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I. Introduction A. Stalin died in March of 1953. 1. Korean War also ended. B. Eisenhower began a new military policy called the New Look. 1. The key was American ability to build and deliver nuclear weapons. 2. Would allow the U. S. to destroy the S. U. C. Khrushchev 1. Sputnik. a. Sent the U. S. into a deep emotional depression despite the U. S. New Look policy. D. Thesis. 1. After the Suez crisis, Eisenhower and Khrushchev could never completely trust each other again; their relations from then on became based on brinkmanship and their ability to avoid war. II. Dien Bien Phu and South Vietnam.
A. Dien Bien Phu (1954) 1. Isolated garrison north of Hanoi. a. French put their best troops there and dared the Viet Minh to come after them. b. By April the French were losing. i. The fall of the garrison would mean the end of French rule in Vietnam. ii. Dulles and Eisenhower saw a victory for Communist aggression and a failure of containment. B. The Splitting of South Vietnam III. Dulles Plan (January 1954) A.
Massive retaliation 1. Used as the chief instrument of containment. a. Never used for liberation. b. Used much less after the Soviets were also able to threaten the U.S. with destruction. 2. Three instances of the use brinkmanship. a. Korea (February 1953). b. Vietnam (April 1953). c. Formosa Straits (January 1955). IV. Quemoy and Matsu (January 1955) A. Eisenhower 1. Determined to hole Quemoy and Matsu. a. Believed they were integral to the defense of Formosa. i. If they fell, Formosa would fall, jeopardizing the anti-Communist barrier and putting several countries in the West Pacific under Communist influence. 2. Asked Congress for a blank check because he was afraid he wouldn’t have time to react if the Chinese attacked Quemoy and Matsu. 3.
Major war scare. a. Eisenhower seriously considered dropping nuclear weapons on the China mainland. i. Chinese pressure on the islands lessened and the crisis receded. ii. Brinkmanship succeeded. V. Kremlin VI. Stability of Eisenhower’s Government A. Eisenhower 1. Improved Russian-American relations. a. Avoided war and kept the arms race at a low level. 2. Strong position. a. American GNP went up without inflation. b. NATO was intact. c. Western European economy continued to boom. d. American military bases in the Pacific were safe. e. U. S. was military superior to the S. U. VII.
Khrushchev’s Secret Speech (February 1956) A. Secret speech 1. Shocked the Party Congress by denouncing Stalin’s crimes. a. Indicated that Stalinist restrictions would be loosened. 2. Russians dissolved Cominform (April 1956). 3. CIA got a copy of the speech and distributed it around the world. a. Khrushchev was forced to disband the old Stalinist Politburo in Warsaw and let Wladyslaw Gomulka, an independent Communist, take power. VIII. Suez Canal Crisis (1956) A.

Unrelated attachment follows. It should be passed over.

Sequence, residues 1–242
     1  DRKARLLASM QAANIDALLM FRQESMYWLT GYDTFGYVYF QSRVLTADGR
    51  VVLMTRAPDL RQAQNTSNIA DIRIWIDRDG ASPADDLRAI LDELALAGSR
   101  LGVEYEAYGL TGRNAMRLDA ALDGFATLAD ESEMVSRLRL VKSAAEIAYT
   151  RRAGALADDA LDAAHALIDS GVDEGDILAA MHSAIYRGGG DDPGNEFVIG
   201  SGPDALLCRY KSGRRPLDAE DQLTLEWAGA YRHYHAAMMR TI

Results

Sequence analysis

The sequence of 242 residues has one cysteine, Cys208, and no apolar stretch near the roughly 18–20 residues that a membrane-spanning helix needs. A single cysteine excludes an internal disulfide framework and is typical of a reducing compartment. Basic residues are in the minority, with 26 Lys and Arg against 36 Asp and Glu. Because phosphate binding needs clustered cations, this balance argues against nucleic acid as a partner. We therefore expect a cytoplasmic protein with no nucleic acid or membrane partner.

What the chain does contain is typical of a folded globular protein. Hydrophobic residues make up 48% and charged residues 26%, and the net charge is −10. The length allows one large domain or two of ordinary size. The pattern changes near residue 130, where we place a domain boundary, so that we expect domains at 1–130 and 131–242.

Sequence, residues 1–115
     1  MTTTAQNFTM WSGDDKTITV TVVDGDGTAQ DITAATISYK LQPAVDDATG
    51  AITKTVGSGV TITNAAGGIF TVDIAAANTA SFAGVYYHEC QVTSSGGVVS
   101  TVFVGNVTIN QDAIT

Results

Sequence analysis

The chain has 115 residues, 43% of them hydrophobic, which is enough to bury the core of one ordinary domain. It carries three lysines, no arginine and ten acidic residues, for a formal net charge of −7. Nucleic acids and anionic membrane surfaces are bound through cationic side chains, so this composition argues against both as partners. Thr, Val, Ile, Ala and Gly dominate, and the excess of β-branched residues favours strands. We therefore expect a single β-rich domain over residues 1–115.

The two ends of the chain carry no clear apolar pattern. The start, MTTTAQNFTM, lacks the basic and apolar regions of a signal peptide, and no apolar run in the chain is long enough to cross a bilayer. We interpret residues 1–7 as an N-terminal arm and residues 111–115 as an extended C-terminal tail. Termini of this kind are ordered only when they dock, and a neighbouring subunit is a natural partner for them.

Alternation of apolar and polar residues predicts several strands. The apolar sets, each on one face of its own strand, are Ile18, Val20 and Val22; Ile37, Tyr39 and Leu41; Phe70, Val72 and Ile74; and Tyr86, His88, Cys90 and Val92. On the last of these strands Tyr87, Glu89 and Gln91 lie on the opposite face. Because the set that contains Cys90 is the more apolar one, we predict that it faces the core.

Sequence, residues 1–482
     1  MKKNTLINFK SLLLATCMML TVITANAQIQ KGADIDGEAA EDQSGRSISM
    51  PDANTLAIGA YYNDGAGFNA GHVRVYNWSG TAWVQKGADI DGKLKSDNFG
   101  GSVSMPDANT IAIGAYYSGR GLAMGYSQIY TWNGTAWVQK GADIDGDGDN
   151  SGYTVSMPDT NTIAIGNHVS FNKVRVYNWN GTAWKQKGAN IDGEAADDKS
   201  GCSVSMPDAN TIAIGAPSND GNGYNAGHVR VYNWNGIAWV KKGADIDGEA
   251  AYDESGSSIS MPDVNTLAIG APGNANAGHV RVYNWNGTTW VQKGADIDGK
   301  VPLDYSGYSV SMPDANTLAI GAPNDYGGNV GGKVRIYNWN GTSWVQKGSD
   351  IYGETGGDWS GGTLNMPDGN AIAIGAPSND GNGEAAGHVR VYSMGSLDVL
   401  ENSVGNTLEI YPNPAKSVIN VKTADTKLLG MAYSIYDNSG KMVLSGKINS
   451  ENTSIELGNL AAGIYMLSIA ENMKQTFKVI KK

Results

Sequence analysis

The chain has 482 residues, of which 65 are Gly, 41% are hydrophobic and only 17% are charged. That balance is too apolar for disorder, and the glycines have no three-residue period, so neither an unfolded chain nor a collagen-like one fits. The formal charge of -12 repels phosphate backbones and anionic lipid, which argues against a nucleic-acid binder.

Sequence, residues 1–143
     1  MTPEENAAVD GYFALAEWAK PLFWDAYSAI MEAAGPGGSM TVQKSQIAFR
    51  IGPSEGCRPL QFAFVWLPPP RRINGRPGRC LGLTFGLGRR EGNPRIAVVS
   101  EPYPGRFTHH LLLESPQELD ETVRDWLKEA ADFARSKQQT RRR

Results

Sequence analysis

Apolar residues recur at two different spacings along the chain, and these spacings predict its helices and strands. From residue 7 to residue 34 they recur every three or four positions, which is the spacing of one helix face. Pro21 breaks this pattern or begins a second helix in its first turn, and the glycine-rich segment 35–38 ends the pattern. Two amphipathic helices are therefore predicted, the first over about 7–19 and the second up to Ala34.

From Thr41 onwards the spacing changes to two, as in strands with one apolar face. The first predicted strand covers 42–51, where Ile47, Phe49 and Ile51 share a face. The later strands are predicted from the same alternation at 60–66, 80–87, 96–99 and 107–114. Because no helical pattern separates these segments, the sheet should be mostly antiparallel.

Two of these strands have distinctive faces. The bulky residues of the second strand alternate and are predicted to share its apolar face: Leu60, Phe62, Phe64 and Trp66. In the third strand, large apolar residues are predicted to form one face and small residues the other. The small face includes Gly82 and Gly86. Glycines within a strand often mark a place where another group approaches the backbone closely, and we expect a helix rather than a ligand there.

Suez Canal 1. U. S. withdraws support from the Aswan Dam on July 19, 1956 because of Nassar’s trading relationship with theS. U. (Soviets give Nassar guns). a. Nassar seizes the Suez Canal in response. i. British and French furious because they are dependent on the canal for oil. 2. British and French begin plans of invasion of Egypt without telling the U. S. a. Issue an ultimatum, arranged in advance with Israel. i. Warn combatants to stay away from the Suez Canal. ii. Nassar ignores the ultimatum, so Europeans begin bombing Egyptian military targets. 3. U. S. introduces a resolution in the U. N. General Assembly. a. Urge a truce and impose an oil embargo on Britain and France. b.
British tried to seize the canal, but the U. S. forces them to return it to Egypt. IX. Budapest Crisis (October 1956) A. Budapest 1. Khrushchev gives power of the stalinist puppet dictators to Imre Nagy. a. The Russians also withdrew their tanks from around Budapest. 2. Nagy withdrew Hungary from the Warsaw Pact. a. Soviets attacked the Hungarians, killing thousands. b. The U. S. never considered helping the Hungarians. i. U. S. armed forces were not capable of driving the Red Army out of Hungary, except through a nuclear holocaust. ii. Hungarians left to fend for themselves against the Russians.
X. Eisenhower Doctrine (July 15, 1958) A. Eisenhower Doctrine 1. Gave Eisenhower the authority to use U. S. armed forces in the Middle East if he deemed the necessity of assisting against armed aggression from any country controlled by international communism. a. Sent the Marines into Lebanon to support President Chamoun. i. Intervention illustrated Eisenhower’s methods. ii. Unilateral action that risked war in support of a less democratic government threatened by pro-Nassar Arabs. iii. U. S. troops limited to taking the airfield and the capital only. XI. Sputnik (October 4, 1957) A.
Sputnik 1. S. U. successfully launched the worldi?? ™s first man- made satellite. a. Americans angry, ashamed, and afraid. 2. The Gaither Report. a. The published findings and recommendations of the Ford Foundation. i. Presented a dark picture of the future of American security. 4. Sputnik had the effect of establishing ground rules for the Cold War. a. Soviets would not challenge the West’s vital interests. b. Eisenhower indicated that he didn’t want an arms race and was eager for datente. XII. Second Berlin Crisis (1956) A. Second Berlin crisis 1. West Berlin an economic miracle.
a. Had become the greatest manufacturing city in Germany. b. Its GNP exceeded that of more than half the members of the U. N. 2. Khrushchev moved against West Berlin in late 1956. a. Feared the growing rearmament of West Germany. i. Adenauer, the West German leader, was increasing the pace of rearmament. 3. Free-city proposal. a. Turn West Berlin into a free city and would remove the troops from all alien countries. b. Eisenhower rejected proposal. i. Feared the Russians would frighten the U. S. into an arms race that would bankrupt the country. ii. Khrushchev soon began to back down.